December 6, 2013
Anti-K leaders: President may not end term
Carrió compares gov’t to dictatorship, others liken current situation to 2001
Following the Kirchnerite defeat in the primaries, an increasing number of oppositoin members are warning of doomsday-like scenarios for the next two years before the 2015 presidential election, warning President Cristina Fernández de Kirchner could face trouble finishing her term.
“If Cristina (Fernández de Kirchner) does not change the direction of her administration she will have to leave the government,” said lawmaker Jorge Yoma, a former Kirchnerite who is now a dissident Peronist.
“If she doesn’t make any changes, neither (Buenos Aires province Governor Daniel) Scioli nor Peronism will be able to sustain her” until the next presidential elections, Yoma added — implying the head of state may need to resign before the end of her constitutional term.
Gerónimo “Momo” Venegas, leader of the Rural Workers’ union, compared the current political situation to the weeks of economic and political crisis that led then-president Fernando de la Rúa to resign.
Venegas spoke out against Economy Minister Hernán Lorenzino, who, following the New York court ruling in favour of the holdout creditors said that some sectors wanted “to take the country back to 2001.”
“It’s the government itself who’s dragging the country back to 2001,” said Venegas, whose FE Party barely passed the 1.5 percent voter threshold in the primaries needed to take part in the October election.
National lawmaker Elisa Carrió, now running to retain a seat in the Lower House of Congress under the UNEN front, also used the spectre of the country’s worst political crisis to warn about what the next two years could hold.
“Some figureheads are behaving just like 2001,” Carrió told Cordoba’s newspaper La Voz del Interior.
“There are only two ways out of here. You begin to respect constitutional mandates and the republican system or you end up back in 2001,” the lawmaker insisted.
It is not the first time Carrió, widely known for her tragic political prophecies, speaks about the end of what she calls the Kirchnerite “regime.”
But this time, she might have gone further than in the past.
“I won’t say anything that might help others attack me. We need to get out of this situation like we did in 1983,” Carrió stated, implying that the current democratic period can be compared to the last years of the 1976-1983 military dictatorship.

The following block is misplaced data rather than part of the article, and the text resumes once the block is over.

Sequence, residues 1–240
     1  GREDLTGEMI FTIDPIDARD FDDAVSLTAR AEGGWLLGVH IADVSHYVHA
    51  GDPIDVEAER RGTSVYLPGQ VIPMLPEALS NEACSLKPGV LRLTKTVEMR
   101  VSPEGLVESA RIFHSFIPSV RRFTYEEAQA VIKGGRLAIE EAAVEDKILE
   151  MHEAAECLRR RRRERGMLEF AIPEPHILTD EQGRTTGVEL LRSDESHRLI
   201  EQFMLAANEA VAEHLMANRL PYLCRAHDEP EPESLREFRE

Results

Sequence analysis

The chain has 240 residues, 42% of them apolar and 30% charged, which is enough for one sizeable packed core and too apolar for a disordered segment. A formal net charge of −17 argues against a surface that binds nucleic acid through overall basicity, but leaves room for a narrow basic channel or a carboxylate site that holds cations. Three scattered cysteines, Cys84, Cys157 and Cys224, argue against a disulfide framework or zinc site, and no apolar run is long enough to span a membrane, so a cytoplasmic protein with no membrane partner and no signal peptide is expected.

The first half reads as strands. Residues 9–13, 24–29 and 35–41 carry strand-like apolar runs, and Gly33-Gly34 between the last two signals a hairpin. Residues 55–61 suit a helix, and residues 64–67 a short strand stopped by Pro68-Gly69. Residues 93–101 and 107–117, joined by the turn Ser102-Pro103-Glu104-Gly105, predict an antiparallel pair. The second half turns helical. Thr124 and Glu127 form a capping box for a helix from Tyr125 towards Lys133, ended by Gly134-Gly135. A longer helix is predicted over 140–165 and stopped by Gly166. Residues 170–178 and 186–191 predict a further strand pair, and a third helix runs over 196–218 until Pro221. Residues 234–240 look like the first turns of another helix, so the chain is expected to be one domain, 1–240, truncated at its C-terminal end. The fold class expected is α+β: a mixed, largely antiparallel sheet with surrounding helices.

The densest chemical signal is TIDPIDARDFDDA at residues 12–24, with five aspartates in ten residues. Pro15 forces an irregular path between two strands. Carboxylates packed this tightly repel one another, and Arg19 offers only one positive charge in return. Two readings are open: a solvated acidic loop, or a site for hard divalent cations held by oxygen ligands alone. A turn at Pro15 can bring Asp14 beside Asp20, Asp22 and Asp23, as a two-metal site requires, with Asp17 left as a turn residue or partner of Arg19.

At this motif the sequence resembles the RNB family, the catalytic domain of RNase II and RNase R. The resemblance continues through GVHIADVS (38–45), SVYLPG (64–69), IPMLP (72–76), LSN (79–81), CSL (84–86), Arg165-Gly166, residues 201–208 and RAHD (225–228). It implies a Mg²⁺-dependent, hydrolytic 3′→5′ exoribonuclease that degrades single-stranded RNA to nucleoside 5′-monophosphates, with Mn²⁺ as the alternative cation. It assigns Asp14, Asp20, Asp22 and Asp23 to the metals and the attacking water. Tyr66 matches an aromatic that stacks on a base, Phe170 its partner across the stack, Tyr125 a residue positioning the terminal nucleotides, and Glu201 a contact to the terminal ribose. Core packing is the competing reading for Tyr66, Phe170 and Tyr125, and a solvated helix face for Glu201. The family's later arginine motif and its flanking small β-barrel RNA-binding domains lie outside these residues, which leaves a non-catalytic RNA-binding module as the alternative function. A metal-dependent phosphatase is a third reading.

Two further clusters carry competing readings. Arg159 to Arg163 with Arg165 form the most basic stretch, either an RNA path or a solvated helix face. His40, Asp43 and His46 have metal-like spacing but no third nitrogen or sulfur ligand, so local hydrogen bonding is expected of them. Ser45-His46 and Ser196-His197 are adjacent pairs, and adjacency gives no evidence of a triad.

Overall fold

“The Peronist party must pay for the disaster that befalls the country,” the national lawmaker concluded.
Solanas: ‘I won’t be part of it’
Even as Carrió spoke of doomsday prophecies, her ally Fernando “Pino” Solanas did his best to emphasize the importance of democratic structures by recognizing that the leadership of the ruling Victory Front in Congress will remain despite the poor Kirchnerite performance in the August 11 elections.
Solanas, a senatorial candidate for the UNEN front, insisted that even if the government does end up losing some seats in the Lower House following the October election, he will “respect the tradition” that states the largest congressional faction is entitled to the body’s presidency.
“We want institutional continuity, we need the government to control the situation in the best possible way until the end of its term,” the filmmaker said. “We won’t be part of any attempt to destabilize” Congress.
His statements added up to those of Radical Civic Union (UCR) figurehead Julio Cobos and Broad Progressive Front (FAP) leader Hermes Binner, who already revealed they won’t back a proposal to take over that post.
The idea was first mentioned by dissident Peronist Francisco de Narváez and then backed by UCR congressmen Oscar Aguad and Gerardo Morales as well as Buenos Aires City Mayor Mauricio Macri.
It was a clear message to repeat the experience from late 2009 — when, following the Kirchnerite defeat in the primaries, opposition leaders agreed to take over most key committees.
But Solanas’ statements amounted to the last nail in the coffin for this effort.
Herald staff with DyN, Télam